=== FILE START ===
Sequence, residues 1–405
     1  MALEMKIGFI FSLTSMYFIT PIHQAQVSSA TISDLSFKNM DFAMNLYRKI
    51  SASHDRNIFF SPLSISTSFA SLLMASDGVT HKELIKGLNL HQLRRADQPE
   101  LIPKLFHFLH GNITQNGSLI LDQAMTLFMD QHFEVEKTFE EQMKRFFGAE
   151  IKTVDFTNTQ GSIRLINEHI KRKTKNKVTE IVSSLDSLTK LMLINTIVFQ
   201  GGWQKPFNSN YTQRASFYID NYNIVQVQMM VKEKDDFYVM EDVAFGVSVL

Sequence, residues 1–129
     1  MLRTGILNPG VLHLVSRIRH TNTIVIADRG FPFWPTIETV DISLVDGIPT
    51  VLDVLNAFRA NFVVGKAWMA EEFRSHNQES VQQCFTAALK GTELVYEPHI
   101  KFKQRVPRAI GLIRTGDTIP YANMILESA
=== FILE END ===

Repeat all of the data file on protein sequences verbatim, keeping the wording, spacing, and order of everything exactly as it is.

Sequence, residues 1–405
     1  MALEMKIGFI FSLTSMYFIT PIHQAQVSSA TISDLSFKNM DFAMNLYRKI
    51  SASHDRNIFF SPLSISTSFA SLLMASDGVT HKELIKGLNL HQLRRADQPE
   101  LIPKLFHFLH GNITQNGSLI LDQAMTLFMD QHFEVEKTFE EQMKRFFGAE
   151  IKTVDFTNTQ GSIRLINEHI KRKTKNKVTE IVSSLDSLTK LMLINTIVFQ
   201  GGWQKPFNSN YTQRASFYID NYNIVQVQMM VKEKDDFYVM EDVAFGVSVL

Sequence, residues 1–129
     1  MLRTGILNPG VLHLVSRIRH TNTIVIADRG FPFWPTIETV DISLVDGIPT
    51  VLDVLNAFRA NFVVGKAWMA EEFRSHNQES VQQCFTAALK GTELVYEPHI
   101  KFKQRVPRAI GLIRTGDTIP YANMILESA